Forty-one (Mangifera indica L.) cultivars were characterized electrophoretically using the isozyme systems aconitase, isocitrate dehydrogenase, leucine aminopeptidase, phosphoglucose isomerase, phosphoglucomutase, and triosephosphate isomerase. The outcross origin of some of the mango cultivars was supported by the isozymic banding patterns. Reported parentage of some other cultivars was not consistent with their isozymic banding patterns.
Chemda Degani, Ruth El-Batsri, and Shmuel Gazit
Luís Goulão, Luisa Monte-Corvo, and Cristina M. Oliveira
Variability of commercial plum (Prunus L. sp.) cultivars is unknown since breeding often involves intercrossing hybrids with several species but has been based on a low number of parents. Molecular markers like amplified fragment length polymorphisms (AFLP) and inter-simple sequence repeats (ISSR), which sample multiple loci simultaneously, have become increasingly popular, and were used to characterize 24 diploid and four hexaploid cultivars of plum. Seven AFLP and six ISSR primers were used, and resulted in amplification of 379 and 270 products, respectively. Unweighted pair-group method with arithmetic averages (UPGMA) dendrograms, based on similarity coefficients, reflected a clear separation between diploid and hexaploid plums. Among diploid plums, two pairs of cultivars were relatively distinct from the rest, namely `Golden Japan' and `Methley' and `Ozark Premier' and `Songold'. Furthermore, several cultivars were grouped together both with AFLP and ISSR analysis: 1) `Ambra', `Red Beaut', and `Black Beaut', 2) `Black Diamond' and `Royal Diamond', 3) `June Rose', `Santa Rosa', and `Royal Red', and iv) `Freedom', `Larry Ann', and `Queen Rosa'. Although the phenetic classification obtained by the two methods were similar (r = 0.73, for the diploid group), ISSR had a higher reproducibility and percentage of polymorphisms (87.4% vs. 62.8%) than AFLP. Methodological aspects of both markers systems are discussed. Results obtained suggest that the AFLP and ISSR approaches are valuable tools for identification of specific genotypes and analysis of phenetic relationships in plum.
Nathan C. Phillips, Steve R. Larson, and Daniel T. Drost
The genus Allium is distributed worldwide and includes about 80 North American species, with at least 13 occurring in Utah. Our study focuses on the population dynamics of three Allium species native to Utah; Allium acuminatum, A. brandegei, and A. passeyi. In conjunction with our studies of life history, growth characteristics, demographics, and habitat, we are interested in determining the levels of genetic variation in these species. This study examines amplified fragment length polymorphism (AFLP) within and among five Allium acuminatum, four A. brandegei, and three A. passeyi populations native to Utah. These species have contrasting abundance and distribution. The study populations were selected along an elevation gradient to represent within-species habitat differences. About 10–20 plants from each of the 12 populations were genotyped using six AFLP primer combinations, which detect DNA variation within and among all three species. These data will be used to compare levels of genetic variation and isolation among populations and species.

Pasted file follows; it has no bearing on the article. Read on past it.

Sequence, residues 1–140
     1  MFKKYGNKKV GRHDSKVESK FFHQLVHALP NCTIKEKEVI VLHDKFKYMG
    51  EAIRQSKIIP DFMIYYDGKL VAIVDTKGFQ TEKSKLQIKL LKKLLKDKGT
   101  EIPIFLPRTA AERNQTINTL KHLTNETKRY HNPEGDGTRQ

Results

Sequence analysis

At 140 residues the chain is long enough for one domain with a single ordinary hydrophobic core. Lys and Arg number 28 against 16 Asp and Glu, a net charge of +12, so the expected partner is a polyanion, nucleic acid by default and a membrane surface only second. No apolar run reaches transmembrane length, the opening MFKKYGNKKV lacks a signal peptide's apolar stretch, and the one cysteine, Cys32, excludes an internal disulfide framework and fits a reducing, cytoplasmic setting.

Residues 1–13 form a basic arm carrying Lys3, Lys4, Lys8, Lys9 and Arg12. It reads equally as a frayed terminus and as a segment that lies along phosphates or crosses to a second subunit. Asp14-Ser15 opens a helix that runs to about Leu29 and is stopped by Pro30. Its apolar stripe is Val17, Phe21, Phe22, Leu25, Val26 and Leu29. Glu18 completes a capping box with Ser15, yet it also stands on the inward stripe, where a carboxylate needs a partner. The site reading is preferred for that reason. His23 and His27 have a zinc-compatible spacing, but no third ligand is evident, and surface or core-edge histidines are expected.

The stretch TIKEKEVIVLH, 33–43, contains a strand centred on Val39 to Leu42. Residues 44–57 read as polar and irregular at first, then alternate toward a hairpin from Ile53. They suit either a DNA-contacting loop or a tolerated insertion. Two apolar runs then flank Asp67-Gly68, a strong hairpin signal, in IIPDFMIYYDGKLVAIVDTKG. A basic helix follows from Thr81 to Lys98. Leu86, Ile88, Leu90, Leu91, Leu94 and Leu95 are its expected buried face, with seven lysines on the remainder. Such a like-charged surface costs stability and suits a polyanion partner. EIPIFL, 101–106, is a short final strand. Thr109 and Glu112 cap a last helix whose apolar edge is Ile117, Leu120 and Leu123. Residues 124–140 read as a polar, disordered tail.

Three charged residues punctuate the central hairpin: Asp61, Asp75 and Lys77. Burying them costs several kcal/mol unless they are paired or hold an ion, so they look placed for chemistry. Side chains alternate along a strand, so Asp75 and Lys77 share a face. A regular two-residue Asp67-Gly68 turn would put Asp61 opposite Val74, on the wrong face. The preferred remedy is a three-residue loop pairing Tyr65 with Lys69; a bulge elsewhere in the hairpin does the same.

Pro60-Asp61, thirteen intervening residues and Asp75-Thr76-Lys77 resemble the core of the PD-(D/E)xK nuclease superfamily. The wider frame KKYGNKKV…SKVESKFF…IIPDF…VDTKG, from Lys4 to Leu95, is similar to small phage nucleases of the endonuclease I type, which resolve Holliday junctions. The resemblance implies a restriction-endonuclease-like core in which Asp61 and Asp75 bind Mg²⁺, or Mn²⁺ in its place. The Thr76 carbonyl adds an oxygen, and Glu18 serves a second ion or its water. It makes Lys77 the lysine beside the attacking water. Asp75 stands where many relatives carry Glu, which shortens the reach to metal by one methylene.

B.S. Vivek and Philipp W. Simon
Current classifications of the genus Daucus are based on morphological and anatomical characteristics. We have used single to low copy nuclear restriction fragment length polymorphisms (nRFLPs) to describe the phylogeny and relationships of eight Daucus species including cultivated carrot (D. carota L.). Parsimony analysis of 247 characters (DNA fragments from 58 probe-enzyme combinations) yielded a tree in which accessions were grouped into three major clades and phenetic analysis using Jaccard's coefficient yielded two major clusters. The phylogenetic relationships from the nuclear RFLP data generally agreed with an earlier morphological classification. Resolution and placement of D. guttatus and D. muricatus were not consistent with the morphological classifications. Molecular variation among carrot inbreds was large.
Peter Boches, Lisa J. Rowland, Kim Hummer, and Nahla V. Bassil
Microsatellite markers for blueberry (Vaccinium L.) were created from a preexisting blueberry expressed sequence tag (EST) library of 1305 sequences and a microsatellite-enriched genomic library of 136 clones.
Microsatellite primers for 65 EST-containing simple sequence repeats (SSRs) and 29 genomic SSR were initially tested for amplification and polymorphism on agarose gels. Potential usefulness of these SSRs for estimating species relationships in the genus was assessed through cross-species transference of 45 SSR loci and cluster analysis using genetic distance values from five highly polymorphic EST-SSR loci. Cross-species amplification for 45 SSR loci ranged from 17% to 100%, and was 83% on average in nine sections. Cluster analysis of 59 Vaccinium species based on genetic distance measures obtained from 5 EST-SSR loci supported the concept of V. elliotii Chapm. as a genetically distinct diploid highbush species and indicated that V. ashei Reade is of hybrid origin. Twenty EST-SSR and 10 genomic microsatellite loci were used to determine genetic diversity in 72 tetraploid V. corymbosum L. accessions consisting mostly of common cultivars. Unique fingerprints were obtained for all accessions analyzed. Genetic relationships, based on microsatellites, corresponded well with known pedigree information. Most modern cultivars clustered closely together, but southern highbush and northern highbush cultivars were sufficiently differentiated to form distinct clusters. Future use of microsatellites in Vaccinium will help resolve species relationships in the genus, estimate genetic diversity in the National Clonal Germplasm Repository (NCGR) collection, and confirm the identity of clonal germplasm accessions.